(Image credit: Digital Camera World / James Artaius)
(opens in new tab)

Now we’ve set up the single flash unit in an elevated position. We angled the head upward and attached a bounce card – in this case, a Rogue Flash Bender 2 (opens in new tab) – to ricochet softer light back down onto the subject, rather than blasting it with hard directional light as in the first setup.

… for Rembrandt lighting

(Image credit: Digital Camera World / James Artaius)

This setup produces a Rembrandt lighting pattern, with the signature triangle of light on the cheek opposite the light source. The beauty of this project is that enables you to practice fine-tuning the position your light with no model.

03 Sandwich lighting with gels / colors…

(Image credit: Digital Camera World / James Artaius)

Not having a subject on call can put many amateur photographers off investing in extra lighting units and learning how to use them. Here, you can start introducing more light sources – and even experiment with adding gels and colors.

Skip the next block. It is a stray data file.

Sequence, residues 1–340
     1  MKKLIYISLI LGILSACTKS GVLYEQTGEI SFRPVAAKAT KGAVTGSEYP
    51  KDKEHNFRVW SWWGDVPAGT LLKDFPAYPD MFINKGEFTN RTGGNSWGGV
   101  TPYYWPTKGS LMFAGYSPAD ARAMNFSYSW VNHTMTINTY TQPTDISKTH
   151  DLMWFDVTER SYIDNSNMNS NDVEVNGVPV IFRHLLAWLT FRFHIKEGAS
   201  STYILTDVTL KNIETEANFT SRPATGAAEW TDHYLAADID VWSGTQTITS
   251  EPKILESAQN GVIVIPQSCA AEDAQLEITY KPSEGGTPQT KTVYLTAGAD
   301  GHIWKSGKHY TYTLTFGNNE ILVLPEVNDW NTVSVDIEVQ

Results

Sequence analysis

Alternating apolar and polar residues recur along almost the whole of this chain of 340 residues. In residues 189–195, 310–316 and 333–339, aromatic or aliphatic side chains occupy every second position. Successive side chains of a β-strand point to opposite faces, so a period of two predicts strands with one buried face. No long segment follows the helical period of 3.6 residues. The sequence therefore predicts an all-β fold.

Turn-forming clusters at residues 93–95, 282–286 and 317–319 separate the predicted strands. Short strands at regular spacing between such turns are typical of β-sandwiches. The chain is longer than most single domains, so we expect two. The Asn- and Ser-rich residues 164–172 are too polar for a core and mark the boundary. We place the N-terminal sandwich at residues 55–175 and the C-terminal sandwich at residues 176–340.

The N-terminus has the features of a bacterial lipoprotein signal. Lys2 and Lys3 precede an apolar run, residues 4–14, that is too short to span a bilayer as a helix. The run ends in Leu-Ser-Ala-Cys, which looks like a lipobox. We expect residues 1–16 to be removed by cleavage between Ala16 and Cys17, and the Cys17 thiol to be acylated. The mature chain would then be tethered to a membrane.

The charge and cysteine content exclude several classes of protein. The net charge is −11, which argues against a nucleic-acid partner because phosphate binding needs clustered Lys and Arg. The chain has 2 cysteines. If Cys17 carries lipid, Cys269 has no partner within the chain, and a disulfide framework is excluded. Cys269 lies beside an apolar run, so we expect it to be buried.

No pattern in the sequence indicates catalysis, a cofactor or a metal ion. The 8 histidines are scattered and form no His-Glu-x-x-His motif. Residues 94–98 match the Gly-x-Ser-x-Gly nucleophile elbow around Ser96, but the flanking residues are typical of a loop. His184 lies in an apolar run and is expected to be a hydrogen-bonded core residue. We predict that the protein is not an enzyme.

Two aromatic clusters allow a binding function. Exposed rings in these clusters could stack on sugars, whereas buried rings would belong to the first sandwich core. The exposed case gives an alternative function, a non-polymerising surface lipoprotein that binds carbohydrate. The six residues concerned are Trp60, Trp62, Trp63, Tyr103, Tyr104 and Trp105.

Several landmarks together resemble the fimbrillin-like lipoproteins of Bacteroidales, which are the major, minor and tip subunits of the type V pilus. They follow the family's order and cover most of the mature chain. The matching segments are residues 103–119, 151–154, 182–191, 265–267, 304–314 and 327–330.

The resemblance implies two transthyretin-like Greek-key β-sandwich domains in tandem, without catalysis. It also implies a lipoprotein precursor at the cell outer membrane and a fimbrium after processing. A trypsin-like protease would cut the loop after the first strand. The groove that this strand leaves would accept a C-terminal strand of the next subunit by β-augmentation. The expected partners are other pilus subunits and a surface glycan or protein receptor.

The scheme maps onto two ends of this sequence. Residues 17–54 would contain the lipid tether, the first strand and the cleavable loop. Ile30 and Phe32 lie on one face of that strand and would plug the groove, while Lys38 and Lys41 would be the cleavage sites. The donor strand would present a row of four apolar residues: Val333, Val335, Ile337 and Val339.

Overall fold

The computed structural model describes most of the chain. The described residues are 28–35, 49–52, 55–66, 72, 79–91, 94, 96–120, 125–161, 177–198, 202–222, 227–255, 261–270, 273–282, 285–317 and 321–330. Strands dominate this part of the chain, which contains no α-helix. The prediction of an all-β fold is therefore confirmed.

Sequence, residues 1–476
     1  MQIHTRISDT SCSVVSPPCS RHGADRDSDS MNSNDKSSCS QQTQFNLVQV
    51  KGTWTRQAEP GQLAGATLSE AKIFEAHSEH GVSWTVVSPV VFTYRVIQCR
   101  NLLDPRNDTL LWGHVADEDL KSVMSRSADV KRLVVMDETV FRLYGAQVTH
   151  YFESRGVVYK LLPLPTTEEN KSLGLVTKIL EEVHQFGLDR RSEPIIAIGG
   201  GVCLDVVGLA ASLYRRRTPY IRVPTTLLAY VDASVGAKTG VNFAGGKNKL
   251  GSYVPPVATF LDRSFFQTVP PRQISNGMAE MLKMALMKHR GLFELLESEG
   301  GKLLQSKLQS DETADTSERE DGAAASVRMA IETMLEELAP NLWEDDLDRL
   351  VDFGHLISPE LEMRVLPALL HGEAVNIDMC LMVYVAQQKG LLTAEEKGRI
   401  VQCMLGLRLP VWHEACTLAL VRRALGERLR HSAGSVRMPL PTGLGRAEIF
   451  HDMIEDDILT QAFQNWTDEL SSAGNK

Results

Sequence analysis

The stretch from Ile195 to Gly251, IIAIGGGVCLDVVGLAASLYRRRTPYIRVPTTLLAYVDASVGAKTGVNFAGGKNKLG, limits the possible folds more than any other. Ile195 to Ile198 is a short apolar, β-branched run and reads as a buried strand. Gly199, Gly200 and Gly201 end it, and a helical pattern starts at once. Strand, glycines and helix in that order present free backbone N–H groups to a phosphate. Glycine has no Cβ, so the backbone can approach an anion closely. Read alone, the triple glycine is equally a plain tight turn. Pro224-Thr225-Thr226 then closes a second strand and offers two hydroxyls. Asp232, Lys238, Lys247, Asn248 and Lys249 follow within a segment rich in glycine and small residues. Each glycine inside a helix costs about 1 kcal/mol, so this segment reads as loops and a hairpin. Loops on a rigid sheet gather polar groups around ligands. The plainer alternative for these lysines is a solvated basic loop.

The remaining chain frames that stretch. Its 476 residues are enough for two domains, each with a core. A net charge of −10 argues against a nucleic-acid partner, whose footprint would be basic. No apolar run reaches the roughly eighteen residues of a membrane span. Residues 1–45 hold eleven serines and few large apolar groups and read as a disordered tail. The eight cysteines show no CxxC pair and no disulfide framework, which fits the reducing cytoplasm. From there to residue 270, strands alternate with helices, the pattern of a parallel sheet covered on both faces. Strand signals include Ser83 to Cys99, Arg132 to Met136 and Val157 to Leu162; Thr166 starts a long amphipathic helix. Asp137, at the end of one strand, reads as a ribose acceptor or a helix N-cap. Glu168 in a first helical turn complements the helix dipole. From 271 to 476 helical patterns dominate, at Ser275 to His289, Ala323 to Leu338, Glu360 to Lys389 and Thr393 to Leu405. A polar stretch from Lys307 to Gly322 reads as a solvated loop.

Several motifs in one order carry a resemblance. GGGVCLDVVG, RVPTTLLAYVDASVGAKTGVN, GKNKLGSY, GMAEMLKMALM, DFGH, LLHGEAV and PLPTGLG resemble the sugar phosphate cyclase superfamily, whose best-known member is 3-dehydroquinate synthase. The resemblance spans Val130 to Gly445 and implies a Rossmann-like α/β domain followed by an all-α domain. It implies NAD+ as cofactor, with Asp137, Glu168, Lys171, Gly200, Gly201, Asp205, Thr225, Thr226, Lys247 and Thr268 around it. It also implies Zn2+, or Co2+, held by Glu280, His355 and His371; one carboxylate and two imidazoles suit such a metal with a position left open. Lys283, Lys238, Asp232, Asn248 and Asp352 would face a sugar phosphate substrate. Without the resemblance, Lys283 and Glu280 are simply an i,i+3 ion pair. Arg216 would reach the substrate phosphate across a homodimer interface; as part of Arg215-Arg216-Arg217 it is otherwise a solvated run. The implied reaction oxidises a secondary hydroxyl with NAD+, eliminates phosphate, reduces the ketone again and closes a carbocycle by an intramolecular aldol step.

… for colored split lighting

(Image credit: Digital Camera World / James Artaius)

Unlike the first setup, with just a single sidelight, here we’ve used a pair of LED strip lights to create split lighting. This is also a great way to see exactly how power differs between LED and flash illumination, and also to practice introducing complementary color palettes.

More videos: 

Photography tips (opens in new tab) and techniques videos
Gobo lighting (opens in new tab): tips for dramatic portraits and film noir photography